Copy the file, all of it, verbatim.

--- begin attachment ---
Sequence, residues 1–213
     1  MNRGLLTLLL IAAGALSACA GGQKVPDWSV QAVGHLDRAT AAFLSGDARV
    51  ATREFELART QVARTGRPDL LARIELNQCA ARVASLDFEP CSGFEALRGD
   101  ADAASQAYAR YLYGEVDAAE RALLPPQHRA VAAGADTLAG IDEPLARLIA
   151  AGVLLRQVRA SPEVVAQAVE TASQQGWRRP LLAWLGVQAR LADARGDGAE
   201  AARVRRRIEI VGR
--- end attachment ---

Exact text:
Sequence, residues 1–213
     1  MNRGLLTLLL IAAGALSACA GGQKVPDWSV QAVGHLDRAT AAFLSGDARV
    51  ATREFELART QVARTGRPDL LARIELNQCA ARVASLDFEP CSGFEALRGD
   101  ADAASQAYAR YLYGEVDAAE RALLPPQHRA VAAGADTLAG IDEPLARLIA
   151  AGVLLRQVRA SPEVVAQAVE TASQQGWRRP LLAWLGVQAR LADARGDGAE
   201  AARVRRRIEI VGR